3:00pm: Hotline with Dave Weekley

W.Va. approved for federal enhanced unemployment benefit, but questions arise over how far that goes

West Virginia leaders announced the state has been approved for a $68,269,946 FEMA grant to provide $300 a week in enhanced unemployment benefits. The state has pledged an additional $100 a week.

But there were already questions about just how far that money would stretch.

Senator Shelley Moore Capito, R-W.Va., discussed the grant during an appearance today on MetroNews’ “Talkline.”

She said payments would account for August 1 to August 21.

“So if you’re on unemployment, you’re getting your enhanced unemployment; you will get that in a back check,” Capito said, saying that would be a lump sum of $1,200 for the three-week period.

“Then moving forward they’ll refill the pot as long as that disaster fund has the funds to sustain it.”

Capito noted that she serves in an appropriations oversight role for the Federal Emergency Management Agency, describing the need to watch the money carefully so that there’s enough to fund disaster relief.

“So I watch that disaster fund very carefully,” Capito said. “There are billions and billions of dollars in there, so we aren’t going to let it go below so that we can’t handle a hurricane or something like that, so we’re watching it very carefully.”

An earlier enhanced unemployment benefit passed by Congress, part of the Federal Pandemic Unemployment Compensation program, paid $600 a week. But that has lapsed.

With Congress so far unable to reach a new deal, President Trump announced an executive action at the start of this month that restarted the enhanced unemployment benefit but at the lower monetary level.

Under Trump’s order, the federal government puts in $300 a week per recipient with states kicking in an additional $100.

West Virginia has been among few states to say it would be able to put up that amount.

Gov. Jim Justice announced West Virginia’s approval of the federal money during a coronavirus response briefing today.

“This is only $300 of the $400. I really, really, really proudly say West Virginia is one of the only states in the country — there’s a handful and it’s growing a little bit — but West Virginia stepped up and said ‘No, we’re not just going to send $300 when the $300 comes; we’re going to send the $400,'” the governor said today.

“So that’ll be going out, and we’ll be getting those West Virginians the money as quickly as we possibly can.”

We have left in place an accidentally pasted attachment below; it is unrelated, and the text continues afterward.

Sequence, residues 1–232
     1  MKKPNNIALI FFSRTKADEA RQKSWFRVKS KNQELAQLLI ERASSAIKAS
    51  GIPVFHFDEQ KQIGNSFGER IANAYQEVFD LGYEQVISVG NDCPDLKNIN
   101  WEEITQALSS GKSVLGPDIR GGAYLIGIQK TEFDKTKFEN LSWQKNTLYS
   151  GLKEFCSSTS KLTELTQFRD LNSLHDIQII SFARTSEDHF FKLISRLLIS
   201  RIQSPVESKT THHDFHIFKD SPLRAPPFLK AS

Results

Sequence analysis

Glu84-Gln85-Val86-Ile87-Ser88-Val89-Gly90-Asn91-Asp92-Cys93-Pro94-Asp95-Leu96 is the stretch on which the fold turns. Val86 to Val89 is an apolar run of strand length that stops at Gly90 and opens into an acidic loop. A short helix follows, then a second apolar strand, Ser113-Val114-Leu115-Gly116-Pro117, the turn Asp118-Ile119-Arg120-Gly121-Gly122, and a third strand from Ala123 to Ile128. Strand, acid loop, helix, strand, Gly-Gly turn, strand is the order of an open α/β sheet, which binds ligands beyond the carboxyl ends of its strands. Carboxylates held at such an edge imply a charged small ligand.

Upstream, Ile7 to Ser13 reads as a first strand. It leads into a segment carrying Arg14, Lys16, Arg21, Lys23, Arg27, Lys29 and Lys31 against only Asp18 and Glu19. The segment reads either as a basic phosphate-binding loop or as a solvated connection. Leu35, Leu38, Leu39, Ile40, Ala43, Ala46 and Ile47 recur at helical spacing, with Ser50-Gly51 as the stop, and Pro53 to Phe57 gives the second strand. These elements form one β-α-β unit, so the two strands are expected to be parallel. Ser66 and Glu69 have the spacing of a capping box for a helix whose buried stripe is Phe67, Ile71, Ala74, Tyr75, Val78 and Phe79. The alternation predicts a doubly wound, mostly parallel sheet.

Sean O’Leary

The West Virginia Center on Budget and Policy, a think tank, questioned how far the available federal money would stretch.

“Not only is the Lost Wages Supplement providing smaller benefits to workers, the $68 million grant West Virginia has received is only enough to provide benefits for three to four weeks at best,” stated Sean O’Leary, senior policy analyst.

Moreover, he said, “the $400/week Lost Wages Supplement is an inadequate replacement for the $600 in emergency unemployment benefits that more than 60,000 West Virginians were receiving until the program expired last month.”

Joe Manchin

U.S. Senator Joe Manchin, D-W.Va., said he hopes the money will help West Virginians who are suffering economically during the coronavirus pandemic.

“This pandemic has had devastating impacts on West Virginia families. I’m hopeful that this funding will make it to the people that are struggling to make ends meet through no fault of their own,” Manchin stated.

But the senator also noted that the funding comes from federal disaster relief. He expressed concern about the pace of disaster relief in West Virginia in recent years and hoped a track record like the continued response to flooding in 2016 wouldn’t signal a frustrating experience with the unemployment money.

“Given their past performance, I am concerned FEMA is entirely unprepared to effectively execute this entirely new relief program with the speed and efficiency that our struggling families need and deserve,” Manchin stated.

“And West Virginians simply can’t wait four years for FEMA to figure out how to distribute unemployment assistance they need today.”

 





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